Laminectomy is a surgical procedure in which your MMG Neurosurgeon will remove the lamina. The lamina is the back part of a vertebra that covers your spinal canal. Laminectomy enlarges your spinal canal and relieves pressure on the nerves or spinal cord.

Artificial Cervical Disc/Arthroplasty

Everyday wear and tear, genetics and age can lead to disc damage and degeneration or herniation. Disc degeneration or herniation may cause pain, weakness, and numbness that spreads to the arms and shoulders. Artificial cervical disc replacement, or arthroplasty, is a surgical procedure to replace a damaged spinal disc with an artificial disc. An artificial disc supports the vertebrae while still allowing normal movements.

Minimally Invasive Thoracic Laminectomy

The thoracic spine is the longest region of the spine. It runs from the base of the neck down to the abdomen. During a thoracic laminectomy, the lamina is removed. The lamina is a part of the spine that creates a “roof” over the spinal canal. This is a common procedure which gives your MMG Neurosurgeon access to the spinal canal and relieves pressure on the spinal cord or nerve roots.

Whenever possible, your MMG Neurosurgeon will perform minimally invasive surgical procedures. A minimally invasive thoracic laminectomy uses a smaller incision than what is required for the more invasive, open form of the procedure. Minimally invasive procedures often have easier and faster recovery times.

Lumbar Laminectomy

The lumbar spine is the lower region of the back, where the spine curves inward toward the abdomen. A lumbar laminectomy is a surgery to remove the lamina, the part of the bone that makes up a vertebra in the lumbar spine. Your MMG Neurosurgeon may also use laminectomy to remove bone spurs or a herniated (slipped) disk in your spine. Lastly, the procedure can remove pressure from your spinal nerves or spinal cord.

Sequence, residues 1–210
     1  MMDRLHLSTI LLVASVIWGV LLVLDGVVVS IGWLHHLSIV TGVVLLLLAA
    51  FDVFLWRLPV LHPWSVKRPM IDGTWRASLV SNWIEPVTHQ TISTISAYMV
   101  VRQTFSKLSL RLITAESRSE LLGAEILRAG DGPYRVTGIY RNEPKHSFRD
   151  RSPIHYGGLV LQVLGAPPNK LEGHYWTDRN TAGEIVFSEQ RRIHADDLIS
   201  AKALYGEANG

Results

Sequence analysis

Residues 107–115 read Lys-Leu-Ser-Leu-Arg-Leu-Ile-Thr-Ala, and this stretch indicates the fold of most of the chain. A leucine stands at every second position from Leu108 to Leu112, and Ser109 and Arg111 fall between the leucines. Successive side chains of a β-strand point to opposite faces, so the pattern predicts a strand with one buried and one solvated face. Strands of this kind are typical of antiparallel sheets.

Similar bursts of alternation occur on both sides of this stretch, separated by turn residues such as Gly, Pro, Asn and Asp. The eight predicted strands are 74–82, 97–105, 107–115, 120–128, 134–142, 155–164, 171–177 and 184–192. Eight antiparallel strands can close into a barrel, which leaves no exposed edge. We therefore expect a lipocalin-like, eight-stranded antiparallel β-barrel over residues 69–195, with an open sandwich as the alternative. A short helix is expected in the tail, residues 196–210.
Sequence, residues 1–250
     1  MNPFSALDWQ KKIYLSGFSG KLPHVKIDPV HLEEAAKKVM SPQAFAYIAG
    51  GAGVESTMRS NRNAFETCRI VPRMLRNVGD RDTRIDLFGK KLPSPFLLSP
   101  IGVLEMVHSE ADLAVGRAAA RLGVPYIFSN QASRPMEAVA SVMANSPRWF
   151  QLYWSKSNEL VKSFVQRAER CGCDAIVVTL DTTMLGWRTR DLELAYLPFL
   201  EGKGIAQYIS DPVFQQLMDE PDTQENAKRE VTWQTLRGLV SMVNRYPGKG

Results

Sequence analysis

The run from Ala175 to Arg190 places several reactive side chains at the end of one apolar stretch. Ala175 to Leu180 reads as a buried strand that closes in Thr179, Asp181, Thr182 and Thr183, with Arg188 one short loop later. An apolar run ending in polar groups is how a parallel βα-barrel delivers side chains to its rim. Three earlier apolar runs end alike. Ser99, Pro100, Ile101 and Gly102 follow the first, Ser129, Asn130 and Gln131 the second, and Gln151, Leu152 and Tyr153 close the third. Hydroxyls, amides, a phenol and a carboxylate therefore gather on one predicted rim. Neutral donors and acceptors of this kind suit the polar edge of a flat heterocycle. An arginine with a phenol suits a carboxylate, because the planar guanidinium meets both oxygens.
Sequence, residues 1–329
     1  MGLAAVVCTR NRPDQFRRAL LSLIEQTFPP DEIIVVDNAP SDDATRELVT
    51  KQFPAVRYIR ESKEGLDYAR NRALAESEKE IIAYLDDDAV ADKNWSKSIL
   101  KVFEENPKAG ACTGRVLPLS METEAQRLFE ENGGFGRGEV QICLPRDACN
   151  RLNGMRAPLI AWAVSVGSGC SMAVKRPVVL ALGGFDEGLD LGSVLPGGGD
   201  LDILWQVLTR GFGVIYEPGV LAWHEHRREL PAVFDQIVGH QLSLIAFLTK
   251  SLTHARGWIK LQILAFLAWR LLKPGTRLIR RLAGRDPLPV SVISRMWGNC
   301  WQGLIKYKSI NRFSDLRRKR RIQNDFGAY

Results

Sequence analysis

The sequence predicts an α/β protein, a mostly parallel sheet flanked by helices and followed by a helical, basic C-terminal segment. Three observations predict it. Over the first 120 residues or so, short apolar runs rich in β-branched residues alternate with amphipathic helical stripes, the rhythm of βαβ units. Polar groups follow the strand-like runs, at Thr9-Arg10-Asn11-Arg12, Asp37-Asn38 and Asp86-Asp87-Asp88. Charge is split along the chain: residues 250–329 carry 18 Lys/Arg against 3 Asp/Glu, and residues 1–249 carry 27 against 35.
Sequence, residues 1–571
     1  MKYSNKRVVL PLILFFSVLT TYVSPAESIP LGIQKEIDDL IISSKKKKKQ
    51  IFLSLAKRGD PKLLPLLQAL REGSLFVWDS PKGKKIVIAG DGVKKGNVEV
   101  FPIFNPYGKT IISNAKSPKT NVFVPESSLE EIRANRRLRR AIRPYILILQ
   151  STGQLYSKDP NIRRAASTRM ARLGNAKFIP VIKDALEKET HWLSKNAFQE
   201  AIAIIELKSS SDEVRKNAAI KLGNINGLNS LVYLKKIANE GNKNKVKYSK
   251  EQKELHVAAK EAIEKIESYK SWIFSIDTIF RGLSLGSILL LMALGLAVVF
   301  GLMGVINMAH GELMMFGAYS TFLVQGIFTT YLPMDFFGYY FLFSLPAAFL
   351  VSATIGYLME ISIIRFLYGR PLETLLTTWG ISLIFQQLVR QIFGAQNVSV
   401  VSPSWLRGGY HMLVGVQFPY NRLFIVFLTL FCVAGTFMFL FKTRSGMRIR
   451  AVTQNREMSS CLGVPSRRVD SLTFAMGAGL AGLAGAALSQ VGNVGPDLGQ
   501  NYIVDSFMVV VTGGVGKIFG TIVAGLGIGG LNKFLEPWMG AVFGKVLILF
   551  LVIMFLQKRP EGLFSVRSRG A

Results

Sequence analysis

Lumbar Microdiscectomy

Lumbar microdiscectomy is a procedure to remove all or part of the cushion that helps support part of your spinal column (disks). During surgery, your MMG Neurosurgeon removes herniated disc material that is pressing on a spinal cord or nerve root. Only some patients with a herniated disk need surgery.

Your doctor may recommend a microdiscectomy if you have a herniated disk and:

  • Severe weakness in muscles of your arm, lower leg or buttocks
  • Leg or arm pain or numbness that makes it hard to do daily tasks
  • Pain that spreads into your buttocks or legs
  • You are having problems with your bowels or bladder

Lumbar Fusion

Lumbar Fusion is a procedure that joins together two or more bones in the spine, removing the movement between them. This procedure is usually performed along with other surgical procedures of the spine. Your MMG Neurosurgeon will recommend a Spinal Fusion to restore stability to the spine or eliminate painful motion.

Lumbar Instrumentation

Lumbar instrumentation occurs when a spinal surgery includes implants such as plates, rods, screws, cages, interbody devices, and hooks. Instrumentation immediately stabilizes the spine after surgery, adds strength, and helps to maintain proper alignment while fusion occurs. Some patients may need a brace after surgery to provide added support while healing.